WCPS 2010-2011

Grade 1 Standard 3: Life Science

Office of Elementary Education

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Maryland State Curriculum for Science
Standard 3.0 Life Science The students will use scientific skills and processes to explain the dynamic nature of living things, their interactions, and the results from the interactions that occur over time. A.DIVERSITY OF LIFE 1. Compare and explain how external features of plants and animals help them survive in different environments. a. Use the senses and magnifying instruments to examine a variety of plants and animals to describe external features and what they do. b. Compare similar features in some animals and plants and explain how each of these enables the organism to satisfy basic needs. Insects, Investigation 1, Parts 1-3 HM Themes 1-10 Science Correlation Other Correlations

Insects, Investigation 1, Part 1 Insects, Investigation 3, Part 2 Insects, Science Stories, pp. 6-15

c. Use the information collected to ask and compare answers to questions about Insects, Investigaton1, Part 1 how an organism's external features contribute to its ability to survive in an Insects, Investigation 6, Parts 1-3 environment. Insects, Science Stories, pp. 6-15 d. Classify organisms according to one selected feature, such as body covering, and identify other similarities shared by organisms within each group formed. Insects, Investigation 1, Part 2 Insects, Investigation 3, Part 3 Insects, Investigation 5, Parts 3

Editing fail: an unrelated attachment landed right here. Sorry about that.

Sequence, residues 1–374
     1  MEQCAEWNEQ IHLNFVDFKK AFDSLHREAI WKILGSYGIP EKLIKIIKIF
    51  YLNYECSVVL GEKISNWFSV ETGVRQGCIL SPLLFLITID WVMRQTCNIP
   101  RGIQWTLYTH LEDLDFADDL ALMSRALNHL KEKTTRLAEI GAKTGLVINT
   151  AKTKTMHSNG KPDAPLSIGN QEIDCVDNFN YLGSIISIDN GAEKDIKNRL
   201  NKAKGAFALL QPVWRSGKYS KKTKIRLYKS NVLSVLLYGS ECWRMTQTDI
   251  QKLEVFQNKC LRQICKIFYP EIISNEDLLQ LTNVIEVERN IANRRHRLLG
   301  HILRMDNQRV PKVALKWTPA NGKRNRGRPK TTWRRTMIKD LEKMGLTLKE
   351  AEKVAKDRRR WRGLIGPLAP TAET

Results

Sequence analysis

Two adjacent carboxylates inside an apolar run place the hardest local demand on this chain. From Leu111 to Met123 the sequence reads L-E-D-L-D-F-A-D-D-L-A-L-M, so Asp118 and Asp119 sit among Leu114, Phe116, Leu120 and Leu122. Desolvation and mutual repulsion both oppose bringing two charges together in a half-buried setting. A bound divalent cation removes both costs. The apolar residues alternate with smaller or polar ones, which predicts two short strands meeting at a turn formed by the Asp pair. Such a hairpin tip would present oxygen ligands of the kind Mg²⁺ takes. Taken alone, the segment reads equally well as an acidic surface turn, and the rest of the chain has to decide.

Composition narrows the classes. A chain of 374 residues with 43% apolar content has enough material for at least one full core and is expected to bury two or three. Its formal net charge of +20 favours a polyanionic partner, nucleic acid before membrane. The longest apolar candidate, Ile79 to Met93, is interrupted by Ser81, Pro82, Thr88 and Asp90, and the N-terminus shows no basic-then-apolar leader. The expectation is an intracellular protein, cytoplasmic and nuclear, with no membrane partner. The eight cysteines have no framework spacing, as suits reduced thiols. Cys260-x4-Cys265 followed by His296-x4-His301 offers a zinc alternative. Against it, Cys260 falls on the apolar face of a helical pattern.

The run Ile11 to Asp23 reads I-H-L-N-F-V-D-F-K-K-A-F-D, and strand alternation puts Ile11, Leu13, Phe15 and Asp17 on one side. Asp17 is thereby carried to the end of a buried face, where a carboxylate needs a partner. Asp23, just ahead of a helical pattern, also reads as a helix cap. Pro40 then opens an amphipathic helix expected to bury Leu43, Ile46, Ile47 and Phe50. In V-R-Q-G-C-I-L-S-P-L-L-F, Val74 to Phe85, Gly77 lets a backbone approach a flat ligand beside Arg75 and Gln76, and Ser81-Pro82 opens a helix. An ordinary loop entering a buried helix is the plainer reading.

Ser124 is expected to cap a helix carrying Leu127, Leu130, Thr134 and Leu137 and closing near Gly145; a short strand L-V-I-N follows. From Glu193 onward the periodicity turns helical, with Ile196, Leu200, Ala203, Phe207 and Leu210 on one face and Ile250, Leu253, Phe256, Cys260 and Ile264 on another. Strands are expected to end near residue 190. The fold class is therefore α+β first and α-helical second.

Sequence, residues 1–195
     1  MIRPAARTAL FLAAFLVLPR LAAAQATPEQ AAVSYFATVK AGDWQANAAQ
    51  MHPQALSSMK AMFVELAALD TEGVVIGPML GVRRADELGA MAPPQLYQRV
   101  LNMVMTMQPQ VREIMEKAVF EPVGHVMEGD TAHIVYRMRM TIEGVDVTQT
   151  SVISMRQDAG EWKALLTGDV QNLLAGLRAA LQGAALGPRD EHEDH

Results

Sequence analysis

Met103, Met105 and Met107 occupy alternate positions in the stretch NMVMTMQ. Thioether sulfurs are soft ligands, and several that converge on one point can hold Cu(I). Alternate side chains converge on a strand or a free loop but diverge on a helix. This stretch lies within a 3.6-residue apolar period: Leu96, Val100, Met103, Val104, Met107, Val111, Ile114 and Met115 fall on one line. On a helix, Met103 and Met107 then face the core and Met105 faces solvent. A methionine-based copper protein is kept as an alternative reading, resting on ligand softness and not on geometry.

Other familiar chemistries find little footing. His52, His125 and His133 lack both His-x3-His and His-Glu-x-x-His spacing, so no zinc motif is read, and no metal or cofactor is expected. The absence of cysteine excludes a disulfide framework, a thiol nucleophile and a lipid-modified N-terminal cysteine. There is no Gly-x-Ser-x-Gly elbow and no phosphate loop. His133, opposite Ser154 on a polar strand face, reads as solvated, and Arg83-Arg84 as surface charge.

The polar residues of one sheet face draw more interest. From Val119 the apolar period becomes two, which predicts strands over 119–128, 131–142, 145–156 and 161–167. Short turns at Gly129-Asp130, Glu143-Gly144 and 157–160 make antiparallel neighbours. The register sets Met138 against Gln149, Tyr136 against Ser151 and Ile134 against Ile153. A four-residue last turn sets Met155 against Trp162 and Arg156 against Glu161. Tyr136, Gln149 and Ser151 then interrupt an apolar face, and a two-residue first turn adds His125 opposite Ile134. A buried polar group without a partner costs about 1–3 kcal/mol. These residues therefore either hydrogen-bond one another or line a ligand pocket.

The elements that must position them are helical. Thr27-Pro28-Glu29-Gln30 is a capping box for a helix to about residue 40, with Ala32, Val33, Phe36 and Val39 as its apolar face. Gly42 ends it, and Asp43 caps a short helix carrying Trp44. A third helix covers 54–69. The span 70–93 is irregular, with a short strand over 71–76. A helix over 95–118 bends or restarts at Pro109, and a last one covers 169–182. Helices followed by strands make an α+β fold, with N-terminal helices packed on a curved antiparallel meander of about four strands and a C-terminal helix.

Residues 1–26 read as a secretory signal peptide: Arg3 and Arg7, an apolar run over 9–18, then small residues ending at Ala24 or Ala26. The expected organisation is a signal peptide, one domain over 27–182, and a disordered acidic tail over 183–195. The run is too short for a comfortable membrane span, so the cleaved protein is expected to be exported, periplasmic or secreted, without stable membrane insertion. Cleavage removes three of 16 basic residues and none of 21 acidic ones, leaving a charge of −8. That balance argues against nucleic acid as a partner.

WCPS 2010-2011

Grade 1 Standard 3: Life Science

Office of Elementary Education

Page8

Standard 3.0 Life Science The students will use scientific skills and processes to explain the dynamic nature of living things, their interactions, and the results from the interactions that occur over time. B.CELLS 1. Describe evidence from investigations that living things are made of parts too small to be seen with the unaided eye. a. Use magnifying instruments to observe parts of a variety of living things, such as leaves, seeds, insects, worms, etc. to describe (drawing or text) parts seen with the magnifier. b. Use information gathered from observations to compare the descriptions (drawings or text) of the different parts seen. c. Describe some of the ideas or questions that might result from examining organisms more closely.